Thanks everyone for the help.  It seems the effort is too challenging since I don't have a jig.  I might get a pre-made load and cover up the labels with one from lumber company in southern VA. 

BTW: Love the photos!

 
Thanks, I think that photos make any explanation clearer.
 
The lumber load shown was made using left-over basswood, as by that time, I wasn't using it for scratchbuilding.  As you can see, the loads are hollow, with some added weight, so not a lot of material is needed to create a load of lumber.  It can be cemented together using ordinary white glue, and smaller-size basswood is available for the stakes, holding the load in place. 
Give it a try...it's not that difficult and even if it doesn't meet your requirements, you'll have learned that there are ways to create the stuff you need, instead of having to search for something that costs more than what you can do yourself.

Wayne

  • Member since
    June 2007
  • 7,795 posts
Posted by riogrande5761 on Tuesday, August 4, 2020 7:55 AM

Time frame makes a difference.

If you want lumber loads that have outside frames like Waynes, Owl Mountain offers kits.  Those would probably be for 1950's and earlier:

 
1960's and later, lumber loads were usually in stacks that were strapped.  Trainlife sells kits for very nice 2x4's in stacks that are 8, 10, 12 and 16 feet long.  Wheels of Time offers HO kits for lumber loads as well.

Rio Grande.  The Action Road  - Focus 1977-1983

  • Member since
    January 2004
  • From: Canada, eh?
  • 10,933 posts
Posted by doctorwayne on Tuesday, August 4, 2020 1:12 PM

Thanks for the link, Jim.  Those Owl Mountain loads look pretty good, although the price could be a problem if one needed multiple loads.
As you mention, my lumber loads are more suited to an earlier time, but I have done a few pipe loads using strapping, in conjuction with stickers and side-stakes...

I bought the strapping material on-line, I think the seller was Nail Art, or something similar.  However, a friend's wife saw the tape and mentioned that it was available much more cheaply at any nail salon.  It comes in various widths and colours, although I'd guess black to be the most useful, unless someone needs that "rusted" look on their fingernails.

I also made a lumber load for a boxcar, modifying the doors to be operable...

...which shows a somewhat shifted load, likely due to rough train-handling.  The load was made from basswood strips, and was labour intensive....

I'm thankful, though, that it's finally used-up most of my stock of stripwood.

All of the stacked lumber at my on-layout lumber yard was done with strip styrene - still labour-intensive, but at least quicker with solvent-type cement...

kasskaboose, the loads offered by TrainLife and Wheels of Time look good, too, and appear to be more affordable.

Wayne

  • Member since
    October 2008
  • From: Canada
  • 1,273 posts
Posted by cv_acr on Tuesday, August 4, 2020 5:03 PM

kasskaboose

I saw youtube vids of folks making them for N scale but not HO.  The N scaler stacked 1/4" thick balsa wood.  How to make that for HO?  

Thanks!

 

Lumber is typically bundled in one of three standard sizes:

2'6" tall (most common), 3'6" tall (distant second), or 2'0" tall.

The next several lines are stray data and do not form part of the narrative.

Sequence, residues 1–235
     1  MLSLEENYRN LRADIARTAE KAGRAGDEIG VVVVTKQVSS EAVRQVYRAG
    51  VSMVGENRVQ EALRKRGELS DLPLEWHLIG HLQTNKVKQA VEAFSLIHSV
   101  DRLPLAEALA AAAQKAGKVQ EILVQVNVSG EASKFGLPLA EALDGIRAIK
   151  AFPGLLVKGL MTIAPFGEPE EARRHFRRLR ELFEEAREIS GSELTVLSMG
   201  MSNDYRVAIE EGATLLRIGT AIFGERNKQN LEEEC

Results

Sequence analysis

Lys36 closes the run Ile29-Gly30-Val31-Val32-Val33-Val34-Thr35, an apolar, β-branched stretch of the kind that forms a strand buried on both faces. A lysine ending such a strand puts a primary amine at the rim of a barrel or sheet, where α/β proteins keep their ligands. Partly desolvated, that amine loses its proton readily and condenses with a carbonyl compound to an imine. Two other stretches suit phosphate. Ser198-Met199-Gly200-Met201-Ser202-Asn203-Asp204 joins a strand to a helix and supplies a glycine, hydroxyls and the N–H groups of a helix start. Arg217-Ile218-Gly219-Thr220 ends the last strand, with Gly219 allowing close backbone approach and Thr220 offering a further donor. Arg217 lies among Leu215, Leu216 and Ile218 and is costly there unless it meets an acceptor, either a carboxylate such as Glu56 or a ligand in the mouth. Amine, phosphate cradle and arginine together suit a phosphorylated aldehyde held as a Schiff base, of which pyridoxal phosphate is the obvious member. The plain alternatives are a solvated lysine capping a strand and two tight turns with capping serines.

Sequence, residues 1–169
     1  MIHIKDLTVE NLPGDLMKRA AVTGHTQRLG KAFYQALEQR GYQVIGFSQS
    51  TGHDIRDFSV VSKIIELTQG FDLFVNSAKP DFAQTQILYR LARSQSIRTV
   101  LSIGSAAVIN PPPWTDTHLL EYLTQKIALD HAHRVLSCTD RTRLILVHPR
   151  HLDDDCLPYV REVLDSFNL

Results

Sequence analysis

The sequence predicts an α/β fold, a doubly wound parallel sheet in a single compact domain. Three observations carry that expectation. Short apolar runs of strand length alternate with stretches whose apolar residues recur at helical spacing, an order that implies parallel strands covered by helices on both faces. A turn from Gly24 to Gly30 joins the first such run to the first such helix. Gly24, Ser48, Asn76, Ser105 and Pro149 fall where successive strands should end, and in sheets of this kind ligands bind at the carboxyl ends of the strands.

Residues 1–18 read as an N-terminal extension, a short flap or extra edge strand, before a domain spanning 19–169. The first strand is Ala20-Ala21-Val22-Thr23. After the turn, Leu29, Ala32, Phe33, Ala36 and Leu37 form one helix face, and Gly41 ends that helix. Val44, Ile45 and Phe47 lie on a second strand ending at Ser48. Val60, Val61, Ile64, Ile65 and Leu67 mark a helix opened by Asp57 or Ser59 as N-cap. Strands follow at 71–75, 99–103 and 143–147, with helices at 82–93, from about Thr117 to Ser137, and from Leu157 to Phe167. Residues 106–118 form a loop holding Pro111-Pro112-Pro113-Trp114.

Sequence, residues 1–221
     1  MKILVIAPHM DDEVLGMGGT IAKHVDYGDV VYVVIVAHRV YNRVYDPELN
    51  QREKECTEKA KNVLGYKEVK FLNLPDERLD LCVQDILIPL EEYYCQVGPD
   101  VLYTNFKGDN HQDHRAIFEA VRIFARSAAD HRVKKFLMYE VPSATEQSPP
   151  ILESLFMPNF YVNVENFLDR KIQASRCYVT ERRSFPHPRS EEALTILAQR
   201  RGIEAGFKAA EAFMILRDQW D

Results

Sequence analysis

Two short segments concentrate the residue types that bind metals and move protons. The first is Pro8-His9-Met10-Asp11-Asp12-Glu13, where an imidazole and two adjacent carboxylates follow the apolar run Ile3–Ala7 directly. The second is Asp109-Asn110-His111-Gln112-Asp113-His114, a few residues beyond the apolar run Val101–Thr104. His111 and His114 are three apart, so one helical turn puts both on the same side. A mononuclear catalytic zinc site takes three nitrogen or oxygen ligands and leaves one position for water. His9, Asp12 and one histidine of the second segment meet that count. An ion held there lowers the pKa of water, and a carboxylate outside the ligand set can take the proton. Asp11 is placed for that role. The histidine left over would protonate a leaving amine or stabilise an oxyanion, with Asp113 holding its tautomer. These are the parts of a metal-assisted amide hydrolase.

Width 4'. (Just a shade over 1/2" for HO scale)

Standard stud lengths for board lumber 8', 10', 12', 14', 16'.

This is how I do it:

http://vanderheide.ca/blog/lumber-loads/

  • Member since
    November 2002
  • From: US
  • 2,367 posts
Posted by wp8thsub on Tuesday, August 4, 2020 7:30 PM

You have a bunch of options in HO.  Some of these you can scratchbuild, others can use commercial products.

DSC03227

by wp8thsub, on Flickr

This is a plastic lumber load kit from Wheels of Time.  It's painted with a combination of spray cans and washes of acrylic.  As with all the loads I've done, the banding is 1/32" or 1/64" vinyl chart tape harvested from other kits or ordered online.

DSC03231

by wp8thsub, on Flickr

Above is a laser cut wood load from TrainLife.  These are micro plywood layers stacked to create the bundles.

Cannon Load 1

by wp8thsub, on Flickr

Cannon made this load, which was wood strips with laser etching to create the appearance of stacked material.  I cut the strips into separate blocks to hide the grain pattern.  This concept is similar to the OP's question about balsa, and could be mostly reproduced by cutting balsa or basswood strip into the bundles.  I don't think these are currently available.

DSC02420

by wp8thsub, on Flickr

The next one is from Out West Lumber Loads (also out of production).  It's varying lengths of wood veneer glued together.  Again, this type could be scratchbuilt from veneer cut to size.

Owl Mtn Load

by wp8thsub, on Flickr

Owl Mountain Models offers plastic loads that are intended for pre-1960s configurations, but they can be kitashed to represent later style loads as I've done here.

DSC03229 (2)

by wp8thsub, on Flickr

Last is a wrapped load.  I built this one from a Jaeger HO Products kit.  You can also wrap pieces of wood with your own coverings, including plain paper, patterns you make yourself, or downloadable patterns online.

Rob Spangler

  • Member since
    June 2007
  • 7,795 posts
Posted by riogrande5761 on Wednesday, August 5, 2020 6:38 AM

Excellent series of load possibilities Rob!  We have some great options these days for lumber loads.

Rio Grande.  The Action Road  - Focus 1977-1983

  • Member since
    August 2003
  • From: Collinwood, Ohio, USA
  • 10,691 posts
Posted by gmpullman on Wednesday, August 5, 2020 9:11 AM

doctorwayne
I recall seeing a 60' bulkhead flatcar at the steel plant where I worked.  It was loaded with timbers at least 12"x12"x30', some of the nicest-looking lumber I have ever seen.  It was reddish in colour, like perhaps cedar or maybe redwood, and appeared to be absolutely without blemishes or knots.

I wonder if the wood might have been cypress? We used to build wood tanks out of cypress that arrived by rail.

 GEfaceAH_0026_edited-1 by Edmund, on Flickr

Just a thought.

 NKP_FLat-1945 by Edmund, on Flickr

The above is a timber load made by American Model Builders.

Regards, Ed

  • Member since
    February 2008
  • 1,527 posts
Posted by kasskaboose on Wednesday, August 5, 2020 12:00 PM

Outstanding pictures and ideas!  Thanks all! I plan on ordering min-sticks from Walmart and gluing them together to build a load that I can wrap.  I hope the suggestions here encourages others to replicate a somewhat less popular industry.   

Subscriber & Member Login

Login, or register today to interact in our online community, comment on articles, receive our newsletter, manage your account online and more!

Users Online

Search the Community

ADVERTISEMENT
ADVERTISEMENT
ADVERTISEMENT
Model Railroader Newsletter See all
Sign up for our FREE e-newsletter and get model railroad news in your inbox!